E.   Plan for next month

The team will continue to carry out normal activity, attending to wildlife emergencies and conducting disease investigations. We have targeted several schools in the periphery where we will be holding short talks and presentations, as well as be handing over educational tools to teachers to raise awareness in children from conflict torn villages.

Indian pond terrapin
Indian pond terrapin
Carcasses of two leopards
Carcasses of two leopards
Carcass of a young tiger
Carcass of a young tiger
Elephant being readied for an X-ray
Elephant being readied for an X-ray
MVS vet taking the temperature
MVS vet taking the temperature
School children during the event
School children during the event
Children during the cleaning drive
Children during the cleaning drive
Presentation by the forest department
Presentation by the forest department
One of the entries in the drawing competition
One of the entries in the drawing competition
Sep 16, 2016

Wildlife Crime Prevention Training

Training
Training

 

Udanti-Sitanadi Tiger Reserve, Chhattisgarh, August 16, 2016: As part of the continuing efforts under its Van Rakshak Project to train, equip and boost the morale of frontline forest staff across the country, Wildlife Trust of India (WTI), in partnership with the Chhattisgarh Forest Department, conducted a three-day training programme for the staff of Udanti-Sitanadi Tiger Reserve from August 10 to 12, 2016.

 

The programme was inaugurated by Mr V Reddy, the Deputy Director of Udanti-Sitanadi and attended by 46 frontline personnel from across eight ranges of the tiger reserve. The curriculum included legal and biological aspects of the Wild Life (Protection) Act, 1972, as well as wildlife crime prevention components such as the basics of wildlife biology, tracks and signs, anti-poaching patrolling techniques, intelligence gathering, search and seizure, interrogation, crime scene investigation and the preparation of Preliminary Offence Reports. A dedicated field day ensured that trainees received a hands-on exposure to the investigative aspects of the training. Trainees were also briefed on relevant provisions of the Indian Evidence Act, Indian Penal Code and the Code of Criminal Proceedings, and the powers conferred on them therein for the prosecution of wildlife crimes.

 

The purpose of the training was to ensure that forest staff received both wide angle and specific perspectives on the investigative and the legal aspects of wildlife crime, with close attention paid to proper case documentation and appropriate legal procedures. Trainees were evaluated on the basis of a test conducted before and after the programme; field kits were distributed to trainees who passed this evaluation.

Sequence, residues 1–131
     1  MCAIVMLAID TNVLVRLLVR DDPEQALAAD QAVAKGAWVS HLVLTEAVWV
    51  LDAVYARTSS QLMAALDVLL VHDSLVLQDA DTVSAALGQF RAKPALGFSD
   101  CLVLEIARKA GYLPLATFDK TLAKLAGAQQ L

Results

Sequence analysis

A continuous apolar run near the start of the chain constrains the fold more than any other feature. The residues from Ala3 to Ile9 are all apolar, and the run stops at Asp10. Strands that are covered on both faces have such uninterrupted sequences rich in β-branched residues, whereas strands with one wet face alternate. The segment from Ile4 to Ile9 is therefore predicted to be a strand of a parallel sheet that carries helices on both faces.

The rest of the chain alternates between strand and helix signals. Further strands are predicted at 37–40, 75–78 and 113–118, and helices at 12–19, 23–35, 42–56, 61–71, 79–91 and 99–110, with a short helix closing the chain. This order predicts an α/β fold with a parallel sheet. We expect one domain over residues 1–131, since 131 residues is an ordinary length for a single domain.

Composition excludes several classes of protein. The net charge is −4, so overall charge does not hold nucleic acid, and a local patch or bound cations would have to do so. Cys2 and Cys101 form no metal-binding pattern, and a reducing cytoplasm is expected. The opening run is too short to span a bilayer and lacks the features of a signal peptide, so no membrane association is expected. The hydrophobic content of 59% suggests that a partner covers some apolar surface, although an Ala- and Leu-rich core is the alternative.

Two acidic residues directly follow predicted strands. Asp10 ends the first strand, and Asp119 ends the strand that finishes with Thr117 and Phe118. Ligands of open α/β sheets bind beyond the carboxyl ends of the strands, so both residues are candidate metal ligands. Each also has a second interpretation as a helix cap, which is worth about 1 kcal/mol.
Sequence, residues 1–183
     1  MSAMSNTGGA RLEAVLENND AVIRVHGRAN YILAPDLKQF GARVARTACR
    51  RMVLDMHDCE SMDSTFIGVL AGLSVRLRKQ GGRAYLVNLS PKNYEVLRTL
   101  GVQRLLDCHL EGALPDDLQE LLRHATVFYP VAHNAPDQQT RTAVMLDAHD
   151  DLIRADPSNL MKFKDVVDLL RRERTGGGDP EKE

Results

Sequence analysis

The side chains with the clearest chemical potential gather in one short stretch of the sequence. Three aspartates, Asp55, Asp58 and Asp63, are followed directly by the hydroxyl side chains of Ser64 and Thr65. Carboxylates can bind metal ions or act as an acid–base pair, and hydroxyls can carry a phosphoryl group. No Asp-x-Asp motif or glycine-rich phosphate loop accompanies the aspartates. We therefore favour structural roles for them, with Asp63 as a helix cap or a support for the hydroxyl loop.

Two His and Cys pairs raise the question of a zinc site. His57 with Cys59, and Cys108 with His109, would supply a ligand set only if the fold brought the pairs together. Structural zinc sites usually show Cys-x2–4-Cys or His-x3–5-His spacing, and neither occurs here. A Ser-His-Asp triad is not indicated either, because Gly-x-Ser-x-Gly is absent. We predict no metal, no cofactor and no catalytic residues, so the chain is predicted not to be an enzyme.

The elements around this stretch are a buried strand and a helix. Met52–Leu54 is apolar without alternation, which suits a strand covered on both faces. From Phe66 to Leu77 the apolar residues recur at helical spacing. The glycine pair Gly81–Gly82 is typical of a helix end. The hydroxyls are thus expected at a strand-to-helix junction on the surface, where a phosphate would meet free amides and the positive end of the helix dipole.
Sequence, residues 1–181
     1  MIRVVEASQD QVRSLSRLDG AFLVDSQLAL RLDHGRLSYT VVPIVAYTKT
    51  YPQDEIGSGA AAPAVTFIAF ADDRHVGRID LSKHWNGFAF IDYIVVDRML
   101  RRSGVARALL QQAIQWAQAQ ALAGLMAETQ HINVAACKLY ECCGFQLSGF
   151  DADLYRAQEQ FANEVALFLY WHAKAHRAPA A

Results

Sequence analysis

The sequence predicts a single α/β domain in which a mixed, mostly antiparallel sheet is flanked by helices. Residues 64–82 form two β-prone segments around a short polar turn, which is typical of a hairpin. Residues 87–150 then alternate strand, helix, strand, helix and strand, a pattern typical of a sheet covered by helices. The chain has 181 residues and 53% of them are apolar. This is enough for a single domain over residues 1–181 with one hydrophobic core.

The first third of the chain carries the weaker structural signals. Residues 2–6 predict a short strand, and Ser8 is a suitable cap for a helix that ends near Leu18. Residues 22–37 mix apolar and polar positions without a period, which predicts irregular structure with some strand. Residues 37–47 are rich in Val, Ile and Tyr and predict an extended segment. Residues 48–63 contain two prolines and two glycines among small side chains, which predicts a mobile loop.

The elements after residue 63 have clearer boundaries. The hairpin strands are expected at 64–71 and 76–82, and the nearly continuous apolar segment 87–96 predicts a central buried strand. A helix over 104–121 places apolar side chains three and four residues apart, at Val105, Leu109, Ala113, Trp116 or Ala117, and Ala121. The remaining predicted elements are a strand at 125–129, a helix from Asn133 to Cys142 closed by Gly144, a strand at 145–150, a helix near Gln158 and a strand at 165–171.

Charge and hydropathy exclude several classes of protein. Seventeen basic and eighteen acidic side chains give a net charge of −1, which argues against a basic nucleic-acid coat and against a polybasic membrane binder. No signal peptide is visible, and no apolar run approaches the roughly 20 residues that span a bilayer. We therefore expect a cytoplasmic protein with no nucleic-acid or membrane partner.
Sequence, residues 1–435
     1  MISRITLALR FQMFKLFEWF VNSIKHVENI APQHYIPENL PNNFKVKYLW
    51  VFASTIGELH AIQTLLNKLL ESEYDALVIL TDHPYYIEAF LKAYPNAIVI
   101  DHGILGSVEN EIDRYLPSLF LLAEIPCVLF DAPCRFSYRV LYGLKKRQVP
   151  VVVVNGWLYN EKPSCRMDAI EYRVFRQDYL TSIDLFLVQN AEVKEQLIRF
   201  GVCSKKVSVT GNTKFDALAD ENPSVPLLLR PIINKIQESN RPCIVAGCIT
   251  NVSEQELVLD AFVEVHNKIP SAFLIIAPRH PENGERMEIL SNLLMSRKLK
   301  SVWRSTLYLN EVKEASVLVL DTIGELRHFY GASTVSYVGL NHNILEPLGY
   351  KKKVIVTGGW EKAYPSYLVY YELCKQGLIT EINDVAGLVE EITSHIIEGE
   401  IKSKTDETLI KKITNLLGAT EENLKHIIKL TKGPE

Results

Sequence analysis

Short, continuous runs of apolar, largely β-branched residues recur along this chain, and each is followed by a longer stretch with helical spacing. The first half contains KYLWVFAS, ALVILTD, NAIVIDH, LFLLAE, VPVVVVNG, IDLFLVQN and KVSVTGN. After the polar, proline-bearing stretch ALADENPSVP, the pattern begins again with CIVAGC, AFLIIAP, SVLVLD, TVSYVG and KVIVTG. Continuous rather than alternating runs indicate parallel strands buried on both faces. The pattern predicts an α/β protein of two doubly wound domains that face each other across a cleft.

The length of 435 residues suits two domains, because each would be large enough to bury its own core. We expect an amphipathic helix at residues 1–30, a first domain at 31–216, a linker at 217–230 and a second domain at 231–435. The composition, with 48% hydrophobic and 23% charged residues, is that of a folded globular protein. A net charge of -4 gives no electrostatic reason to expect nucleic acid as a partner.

WTI has been conducting such Wildlife Crime Prevention Training programmes under its Van Rakshak Project (VRP) since 2001. Over 16,000 frontline forest personnel have been trained in over 138 protected areas across 14 states. VRP follows a multi-pronged strategy with four thrust areas abbreviated as TEAM: Training, Equipping, Awareness and Morale Boosting, to build capacity and strengthen spirits of personnel in tough field conditions. 

 

Jun 10, 2016

Elephant cataract surgery

Would you?
Would you?

Hello,

Our team is in touch with the veterinarian who specilaises in elephant cataract surgeries, the elephant owners and also the state forest department officials. There is positive feedback from all stakeholder to initiate the project. We are however a little short on funds on our GlobalGiving  campaign to initiate work yet. We hope with your help and our own efforts we can reach a minimum amount so we may atleast begin with the surgery for the first two elephants. We shall keep you updated on any progress ofcourse. We realise it is not as easy to raise funds for animal welfare projects but we know there are many people like you who believe in our vision and that gives us not only hope but also great encouragement!

 

Regards

Radhika Bhagat

Head Wild Aid

Wildlife Trust of India